What Do the Vest Colors Mean for Service Dogs?

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The vest color for your service dog doesn't officially mean anything.
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The goal of a service dog vest is to let others know that your dog is a working dog, not a pet. Traditionally, vests are either red or blue but service dog vest colors range from raspberry to bright orange to tie-dye, camouflage, and prints. No law requires a working service dog to wear a vest, and there are no official color requirements should you have your dog wear one.


Why choose a vest

Although it's fully your choice whether or not your assistive animal sports a vest, there are several reasons why you would want to have her wear the accessory, not the least of which is that a service vest lets others easily know that your dog is there to do a job.


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This means that you're less likely to be asked to remove it from premises such as restaurants or other food handling establishments where dogs aren't usually allowed. It also lets the general public know that your dog isn't there to be petted or fussed over.

Identify your service dog

A vest with pockets can be a convenient place to keep your dog's identification or other relevant documentation. Patches such as "diabetes alert dog" or "hearing dog" on the vest can relay necessary info and alert medical personnel to potential conditions should you become unconscious according to WorkingServiceDog.com. Service dog vest colors are a matter of preference, so color alone is an unreliable indicator of what task a dog can perform.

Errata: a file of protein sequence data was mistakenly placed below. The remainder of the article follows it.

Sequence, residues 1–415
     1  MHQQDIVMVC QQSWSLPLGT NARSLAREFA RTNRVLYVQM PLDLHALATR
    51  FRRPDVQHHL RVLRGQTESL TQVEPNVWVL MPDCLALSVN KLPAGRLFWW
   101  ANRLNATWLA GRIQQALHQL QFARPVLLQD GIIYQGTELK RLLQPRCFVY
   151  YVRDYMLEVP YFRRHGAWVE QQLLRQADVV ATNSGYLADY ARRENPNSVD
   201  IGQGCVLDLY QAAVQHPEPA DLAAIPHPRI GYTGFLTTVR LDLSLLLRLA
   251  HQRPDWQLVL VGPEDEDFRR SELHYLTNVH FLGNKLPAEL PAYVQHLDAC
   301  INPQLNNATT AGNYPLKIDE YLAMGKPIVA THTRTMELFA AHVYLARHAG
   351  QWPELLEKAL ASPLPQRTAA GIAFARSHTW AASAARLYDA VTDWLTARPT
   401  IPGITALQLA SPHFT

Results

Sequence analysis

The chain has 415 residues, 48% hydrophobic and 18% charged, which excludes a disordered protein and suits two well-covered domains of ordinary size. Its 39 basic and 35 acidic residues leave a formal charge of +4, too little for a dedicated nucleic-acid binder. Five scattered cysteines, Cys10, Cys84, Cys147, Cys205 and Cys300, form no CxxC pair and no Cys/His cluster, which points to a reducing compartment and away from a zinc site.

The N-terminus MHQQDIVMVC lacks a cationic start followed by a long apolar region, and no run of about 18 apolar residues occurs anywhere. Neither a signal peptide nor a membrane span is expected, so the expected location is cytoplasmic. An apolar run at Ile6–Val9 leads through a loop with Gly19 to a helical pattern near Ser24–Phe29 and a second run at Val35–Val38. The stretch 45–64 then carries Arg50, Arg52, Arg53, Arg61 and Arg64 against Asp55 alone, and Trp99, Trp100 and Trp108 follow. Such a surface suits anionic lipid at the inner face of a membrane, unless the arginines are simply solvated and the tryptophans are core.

Should you get questioned about your dog's presence, there are only two questions that business owners may ask per the U. S. Department of Justice Civil Rights Division. They include whether your dog is a service animal required because of a disability and what specific task is has been trained to perform. Service animals must be trained to perform specific tasks related to your disability, such as pulling a wheelchair, guiding the blind, or protecting a person having a seizure, according to the Americans with Disabilities Act.


Psychiatric service animals may be trained to check out a room before a person with PTSD enters to make sure it's safe, alert when medication is needed, or calm them during an anxiety attack. Emotional support dogs are not considered service animals according to the ADA as they do not perform specific tasks but are a comfort by their mere presence.


Select a color

Whether your dog is a hearing ear dog or performs other specific tasks that qualifies him as a service dog, you can choose a color that best suits your preferences. As any breed of dog may be a service animal, you might want to take that into account when choosing a color.


Very small dogs, such as Chihuahuas, can be easy to overlook, especially at floor level. Bright colors such as a yellow, neon pink, or a purple service dog vest can make a small dog easier to see, especially in establishments where a person wouldn't ordinarily expect to encounter one.


The U.S. Department of Justice also dictates that breeds of dogs cannot be discriminated against. That means if your service animal is a pit bull and you live in a community that bans bully breeds, you can't be kicked out based on your animal's breed. Aggressive or dangerous individual animals may be excluded, so you might want to enhance goodwill toward your dog by choosing a vest in cheerful, non-threatening colors such as orange, yellow, or pink rather than dramatic black or military camouflage.



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